For illustrative purposes, the fillet portion 162 is shown in exaggerated form in FIGS. 2, 5 and 7. It will further be appreciated that although the illustrated embodiment shows a concave arcuate surface 164 of the fillet portion 162, the fillet portion serves, in use, to space a forward facing surface of the extension member from a construction element, and that such spacing may be provided by spacing portions configured in any of a number of alternative shapes. For example, the spacing portion could comprise a strip of metal, or other spacing material, forming the hypotenuse of a right-angled triangle cross-section with the first and second limbs, and with the right-angle fitting into or corresponding to the internal right-angle between the limbs 158, 160 of the lateral front piece 156. Alternatively, the spacing portion could comprise a strip of material, with a beveled bottom edge, adapted to fit between the first limb 158 and the construction element, and extending downwardly less far than the first limb 158. As a further alternative, the fillet portion could comprise one or more web portions extending between the first and second limbs, with the plane of the web portions being perpendicular to the planes of the first and second limbs, and with the edges of the web portions being inclined relative to the first and second limbs. Alternatively, the one or more spacing portions could be provided by a step in the second limb of the lateral front piece, by one or more spacers projecting from a forward facing surface of the first limb of the lateral front piece, or by other suitable means. Further possible configurations for spacing portions will be apparent to the skilled person.

The extension member 150 further includes a lateral rear piece 170 which extends between the first and second bars 152, 154 and helps provide rigidity to the frame 150.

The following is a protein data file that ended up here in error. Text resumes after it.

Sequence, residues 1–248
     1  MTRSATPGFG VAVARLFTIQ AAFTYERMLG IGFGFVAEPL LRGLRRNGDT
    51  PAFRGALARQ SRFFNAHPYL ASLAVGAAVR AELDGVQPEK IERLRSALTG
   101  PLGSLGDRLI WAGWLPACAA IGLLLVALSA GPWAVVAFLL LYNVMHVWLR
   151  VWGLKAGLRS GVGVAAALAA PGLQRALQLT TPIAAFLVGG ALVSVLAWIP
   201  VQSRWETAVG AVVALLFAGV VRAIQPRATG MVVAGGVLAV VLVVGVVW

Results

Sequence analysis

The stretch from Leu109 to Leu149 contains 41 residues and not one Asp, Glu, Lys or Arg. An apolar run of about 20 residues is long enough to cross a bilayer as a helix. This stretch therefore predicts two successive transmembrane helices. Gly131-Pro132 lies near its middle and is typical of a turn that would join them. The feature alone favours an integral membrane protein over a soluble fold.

The lateral rear piece 170 is in the form of a laterally extending length of angle steel, with a first limb 172 extending vertically (assuming the lintel is in a horizontal orientation) and abutting the ends of the first and second bars 152, 154. A second limb 174 extends horizontally away from a lower edge of the first limb 172. In use, a force may be applied to the lateral rear piece 170 in order to retract the extension member 150. Such a force will typically be applied to the first limb 172, and the second limb provides structural support therefor.

In the illustrated embodiment, the lateral rear piece 170 abuts and is welded to the rear ends of bars 152, 154 and is perpendicular to the bars 152, 154. In alternative embodiments, such a lateral rear piece could be attached to the bars by different means, could be attached at intermediate parts of the bars, or could be at an angle other than 90 degrees to the bars and/or could, of course, be different in form to the illustrated angle steel of FIGS. 2, 5, 6 and 7. In alternative embodiments, the front and rear lateral pieces could, of course, be formed by configurations other than right-angle sections. In particular, a front lateral piece could be formed of a plate, not unlike the plates 32, 132 extending between bars 152, 154 and providing a forwardly projecting portion (extending forward of the bars 152, 154) for supporting the lintel.